The availability of quality, affordable care for all Americans is central to my vision for healthcare reform. All too often though, the imperative of retaining and improving the quality of care is lost in the health reform debate.
Just this month, the Commonwealth Fund released new survey data documenting a troubling story about our healthcare systems waste and inefficiency, a high rate of medical errors and poor outcomes relative to the rest of the developed world.
In the richest, most industrialized country in the world, doctors, nurses and other healthcare providers face countless systemwide roadblocks to delivering high-quality, patient-centered care. These include: healthcare delivery systems that are all too often driven by the services that are covered, rather than the care that is needed; inadequate investment in and dissemination of clinical comparative effectiveness research to empower providers and patients to make the best treatment choices; few incentives to appropriately prevent and manage chronic disease conditions; underinvestment in critical primary care, nursing and other personnel; and, of course, the tens of millions of under- and uninsured Americans, whose uncompensated care is taxing providers and levying a hidden tax on those fortunate enough to have insurance.
America faces a choice: Continue the status quo or reform our healthcare system to tackle the problems of quality, cost and coverage. And this choice has real consequences. Papered-over policy prescriptions that allow the status quo to continueor even make it worsewould condemn our citizens and those who care for them to a system that increases costs and the numbers of the uninsured with no improvement in quality. I have great confidence that Americans will choose to support a new direction that preserves and strengthens the best of our system and fixes what is broken.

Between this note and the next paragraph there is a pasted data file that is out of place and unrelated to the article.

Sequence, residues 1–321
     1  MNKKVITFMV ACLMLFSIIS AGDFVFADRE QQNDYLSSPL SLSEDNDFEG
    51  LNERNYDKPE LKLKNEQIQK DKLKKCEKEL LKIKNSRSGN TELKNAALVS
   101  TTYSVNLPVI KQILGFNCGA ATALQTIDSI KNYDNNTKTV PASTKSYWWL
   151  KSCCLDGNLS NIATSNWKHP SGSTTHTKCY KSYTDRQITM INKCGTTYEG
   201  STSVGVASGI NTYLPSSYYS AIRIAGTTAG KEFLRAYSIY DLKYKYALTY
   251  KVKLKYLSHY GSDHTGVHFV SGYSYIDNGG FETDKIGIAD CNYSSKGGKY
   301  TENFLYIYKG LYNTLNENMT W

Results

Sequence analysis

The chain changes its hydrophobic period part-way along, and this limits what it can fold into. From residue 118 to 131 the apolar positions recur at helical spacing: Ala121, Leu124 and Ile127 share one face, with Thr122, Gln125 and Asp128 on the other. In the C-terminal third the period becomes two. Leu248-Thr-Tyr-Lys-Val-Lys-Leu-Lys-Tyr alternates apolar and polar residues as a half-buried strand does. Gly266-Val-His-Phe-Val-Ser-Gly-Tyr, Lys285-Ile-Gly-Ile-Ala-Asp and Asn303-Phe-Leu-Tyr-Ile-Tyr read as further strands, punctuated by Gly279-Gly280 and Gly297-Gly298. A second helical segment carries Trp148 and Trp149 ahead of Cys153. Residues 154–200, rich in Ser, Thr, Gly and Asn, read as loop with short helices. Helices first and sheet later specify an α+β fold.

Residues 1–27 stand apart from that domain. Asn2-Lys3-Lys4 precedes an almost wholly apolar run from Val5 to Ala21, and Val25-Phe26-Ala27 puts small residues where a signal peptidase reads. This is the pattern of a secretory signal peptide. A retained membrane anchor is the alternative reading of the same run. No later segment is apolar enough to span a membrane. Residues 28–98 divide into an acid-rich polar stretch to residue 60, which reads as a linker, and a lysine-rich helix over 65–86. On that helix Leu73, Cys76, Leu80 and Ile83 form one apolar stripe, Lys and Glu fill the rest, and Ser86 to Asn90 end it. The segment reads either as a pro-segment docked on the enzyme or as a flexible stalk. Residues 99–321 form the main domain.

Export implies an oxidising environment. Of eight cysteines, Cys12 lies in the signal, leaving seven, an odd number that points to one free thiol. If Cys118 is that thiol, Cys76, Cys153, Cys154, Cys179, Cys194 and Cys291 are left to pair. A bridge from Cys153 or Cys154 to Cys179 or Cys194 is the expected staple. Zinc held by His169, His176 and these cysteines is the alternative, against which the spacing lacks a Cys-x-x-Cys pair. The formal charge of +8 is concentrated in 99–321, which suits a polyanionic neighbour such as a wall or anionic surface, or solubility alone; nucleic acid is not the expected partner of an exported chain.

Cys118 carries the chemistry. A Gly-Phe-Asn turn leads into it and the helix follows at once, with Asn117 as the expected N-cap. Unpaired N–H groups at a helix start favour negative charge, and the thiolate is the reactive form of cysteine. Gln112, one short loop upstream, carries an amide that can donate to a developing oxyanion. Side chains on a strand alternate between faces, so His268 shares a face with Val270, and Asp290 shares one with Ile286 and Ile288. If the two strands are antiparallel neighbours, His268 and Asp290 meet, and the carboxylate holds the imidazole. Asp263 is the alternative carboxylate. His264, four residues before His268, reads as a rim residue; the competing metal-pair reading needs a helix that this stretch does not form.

My health reform vision, the American Health Choices Plan, is based on three key building blocks: quality, affordability and coverage for all Americans.
First, we must make quality job No. 1 in our healthcare system. My plan empowers clinicians by providing federal support for physician-driven certification programs and existing private-public organizations, such as the National Quality Forum, to coordinate quality initiatives and set standards for high-quality care. My plan provides federal funding to address primary care, nursing and nurse faculty shortages, and retention issues by establishing innovative training and mentoring programs. And it seeks to develop new reimbursement models that reward innovative, quality care delivery, such as the medical homes model.
I would seek to empower patients by creating a straightforward, accessible quality database to help providers and patients navigate the system. We must also take action to modernize our antiquated healthcare system in order to provide higher-quality care and achieve savings in the form of reduced waste and greater efficiency. Our healthcare modernization strategy must be aimed at slowing the spiraling rate of health cost growth in America by ensuring quality care through a renewed focus on prevention, coordination of care and a reliance on privacy-protected health information technology.